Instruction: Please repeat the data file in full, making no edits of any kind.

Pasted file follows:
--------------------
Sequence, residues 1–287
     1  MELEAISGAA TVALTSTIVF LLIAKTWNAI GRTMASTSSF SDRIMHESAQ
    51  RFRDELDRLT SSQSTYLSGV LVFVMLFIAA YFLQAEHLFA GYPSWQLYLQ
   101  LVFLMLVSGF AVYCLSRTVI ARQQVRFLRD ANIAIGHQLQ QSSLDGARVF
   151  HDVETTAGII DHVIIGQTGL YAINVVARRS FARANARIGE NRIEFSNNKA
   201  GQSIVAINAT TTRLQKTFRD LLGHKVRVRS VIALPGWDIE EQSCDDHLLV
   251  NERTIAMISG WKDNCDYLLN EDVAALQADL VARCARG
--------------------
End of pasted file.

Sequence, residues 1–287
     1  MELEAISGAA TVALTSTIVF LLIAKTWNAI GRTMASTSSF SDRIMHESAQ
    51  RFRDELDRLT SSQSTYLSGV LVFVMLFIAA YFLQAEHLFA GYPSWQLYLQ
   101  LVFLMLVSGF AVYCLSRTVI ARQQVRFLRD ANIAIGHQLQ QSSLDGARVF
   151  HDVETTAGII DHVIIGQTGL YAINVVARRS FARANARIGE NRIEFSNNKA
   201  GQSIVAINAT TTRLQKTFRD LLGHKVRVRS VIALPGWDIE EQSCDDHLLV
   251  NERTIAMISG WKDNCDYLLN EDVAALQADL VARCARG